• Irene – just remember, everyone is different. I have met many women going through AC -
        some as old as 85. Many of them had other severe health issues, but they made it through.
        I always marvelled at them. The other thing about side effects, is that they come and go.
        Plus, Taxol is usually far easier than AC. You just have to make it through AC – but it
        does its job. It kills cancer. Would I go through it all again just to know I killed cancer?
        YES. Almost all women I talked with would do the same. And remember, you can always get a
        second opinion which is always a good idea. Sending a hug your way! Denise

  7. Believe it or not, I AM actually looking forward to the surgery. If I can go through chemo, I can get through the pain of surgery. I’ve already had port surgeries; 4 within 6 days. It is hard not to think about the recurrence. I have tried to look some stats up on line. It looks like there is about 60% survival rate. I guess that’s good, I just want better after going through all of this! (am I greedy?) Did you find the longer you had chemo the worse/longer if affected you? It seems to hit me earlier, harder & longer after my fourth treatment.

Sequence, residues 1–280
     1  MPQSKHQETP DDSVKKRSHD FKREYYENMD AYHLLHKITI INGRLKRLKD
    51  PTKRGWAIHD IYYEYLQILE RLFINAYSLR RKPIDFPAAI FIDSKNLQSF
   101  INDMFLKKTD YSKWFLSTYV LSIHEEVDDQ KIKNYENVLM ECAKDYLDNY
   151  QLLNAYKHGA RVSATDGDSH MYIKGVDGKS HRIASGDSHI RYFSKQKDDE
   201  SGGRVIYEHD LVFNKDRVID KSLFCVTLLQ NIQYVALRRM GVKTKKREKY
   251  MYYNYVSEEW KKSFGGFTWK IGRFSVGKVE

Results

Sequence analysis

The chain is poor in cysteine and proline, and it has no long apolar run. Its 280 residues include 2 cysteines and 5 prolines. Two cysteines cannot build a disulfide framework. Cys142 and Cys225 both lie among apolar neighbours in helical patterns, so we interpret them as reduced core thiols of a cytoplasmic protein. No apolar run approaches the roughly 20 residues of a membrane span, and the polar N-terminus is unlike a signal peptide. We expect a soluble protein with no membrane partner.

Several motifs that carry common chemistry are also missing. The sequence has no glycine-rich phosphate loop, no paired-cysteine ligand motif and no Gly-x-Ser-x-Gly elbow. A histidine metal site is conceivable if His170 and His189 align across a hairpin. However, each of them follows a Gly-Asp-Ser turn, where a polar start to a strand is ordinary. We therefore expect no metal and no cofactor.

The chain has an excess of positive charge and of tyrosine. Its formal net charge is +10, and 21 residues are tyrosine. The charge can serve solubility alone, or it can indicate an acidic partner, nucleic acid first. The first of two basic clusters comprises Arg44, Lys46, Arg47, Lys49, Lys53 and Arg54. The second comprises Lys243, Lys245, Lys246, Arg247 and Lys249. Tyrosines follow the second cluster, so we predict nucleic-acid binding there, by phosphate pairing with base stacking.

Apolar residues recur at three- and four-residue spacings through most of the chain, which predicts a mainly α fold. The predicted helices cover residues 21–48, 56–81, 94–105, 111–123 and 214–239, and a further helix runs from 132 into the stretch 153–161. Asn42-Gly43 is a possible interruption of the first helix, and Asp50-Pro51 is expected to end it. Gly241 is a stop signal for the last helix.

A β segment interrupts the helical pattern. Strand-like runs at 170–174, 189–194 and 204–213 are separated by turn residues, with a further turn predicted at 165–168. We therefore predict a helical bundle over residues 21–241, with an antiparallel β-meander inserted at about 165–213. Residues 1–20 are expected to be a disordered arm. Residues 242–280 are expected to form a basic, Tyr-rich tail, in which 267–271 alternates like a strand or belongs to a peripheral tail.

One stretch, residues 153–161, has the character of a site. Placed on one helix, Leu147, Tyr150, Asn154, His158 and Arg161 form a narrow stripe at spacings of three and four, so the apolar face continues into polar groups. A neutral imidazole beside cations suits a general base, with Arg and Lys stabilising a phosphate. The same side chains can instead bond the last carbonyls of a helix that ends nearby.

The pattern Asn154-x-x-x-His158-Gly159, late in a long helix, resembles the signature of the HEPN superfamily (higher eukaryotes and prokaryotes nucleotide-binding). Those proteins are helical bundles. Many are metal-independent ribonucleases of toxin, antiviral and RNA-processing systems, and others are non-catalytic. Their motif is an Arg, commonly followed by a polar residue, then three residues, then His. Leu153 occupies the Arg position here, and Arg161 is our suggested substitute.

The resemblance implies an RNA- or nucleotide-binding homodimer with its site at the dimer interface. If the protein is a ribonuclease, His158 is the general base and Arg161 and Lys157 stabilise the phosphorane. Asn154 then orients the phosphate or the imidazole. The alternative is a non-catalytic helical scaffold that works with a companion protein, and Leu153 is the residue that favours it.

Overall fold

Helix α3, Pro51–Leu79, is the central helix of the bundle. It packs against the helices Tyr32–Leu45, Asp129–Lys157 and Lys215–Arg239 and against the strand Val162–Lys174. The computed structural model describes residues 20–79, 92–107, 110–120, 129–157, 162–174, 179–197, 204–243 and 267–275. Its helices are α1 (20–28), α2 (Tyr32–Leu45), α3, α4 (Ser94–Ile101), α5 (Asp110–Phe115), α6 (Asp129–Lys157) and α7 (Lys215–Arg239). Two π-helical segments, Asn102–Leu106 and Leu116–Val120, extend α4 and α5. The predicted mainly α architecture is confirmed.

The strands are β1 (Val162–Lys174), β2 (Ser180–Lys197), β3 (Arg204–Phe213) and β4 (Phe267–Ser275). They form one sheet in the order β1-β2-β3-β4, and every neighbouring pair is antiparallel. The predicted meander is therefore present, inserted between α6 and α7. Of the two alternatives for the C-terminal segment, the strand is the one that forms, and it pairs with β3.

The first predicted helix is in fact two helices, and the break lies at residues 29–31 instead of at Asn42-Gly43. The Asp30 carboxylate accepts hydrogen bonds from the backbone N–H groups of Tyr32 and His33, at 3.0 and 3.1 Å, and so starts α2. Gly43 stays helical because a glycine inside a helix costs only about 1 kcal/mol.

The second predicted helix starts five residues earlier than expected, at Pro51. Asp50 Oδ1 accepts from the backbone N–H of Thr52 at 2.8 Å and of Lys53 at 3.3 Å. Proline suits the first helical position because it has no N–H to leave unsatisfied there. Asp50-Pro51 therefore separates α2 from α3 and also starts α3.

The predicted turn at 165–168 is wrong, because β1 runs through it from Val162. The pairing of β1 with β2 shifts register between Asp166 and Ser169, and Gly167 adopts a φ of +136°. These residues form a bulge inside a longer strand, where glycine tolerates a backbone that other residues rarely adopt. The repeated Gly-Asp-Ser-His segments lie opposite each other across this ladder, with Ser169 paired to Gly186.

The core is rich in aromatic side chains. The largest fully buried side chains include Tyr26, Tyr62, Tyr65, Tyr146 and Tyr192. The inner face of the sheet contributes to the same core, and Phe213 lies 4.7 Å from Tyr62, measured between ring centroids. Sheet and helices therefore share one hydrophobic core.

Thank you for your thoughts & prayer. Likewise from me to you, Lynn

    • Oh so true, if you can get through chemo you can get through anything, Lynn!
      Yes, the chemo is cumulative so it does get worse the longer you go!
      You are strong, you will make it, you are doing a great job! Denise

  8. Thank You Denise!! I just did another search (because I need all the info I can get) of A/C side effects and your article popped up. My time with this begins on the 30th. Just 4 more days! Nervous but ready to get on with treatment. Each day is one step closer to the goal of being a cancer free survivor, so whatever it takes to get there I’ll do!

    • Hi Sara, I wish you well with thoughts and prayers on your A/C journey.
      It is a scarey day…the first one is the worst because you don’t know what
      to expect. Then going to chemo gets better and easier. You meet many inspiring
      people along the way. I can tell by the way you write that you are ready to
      fight the fight and you will be a long-time survivor!!!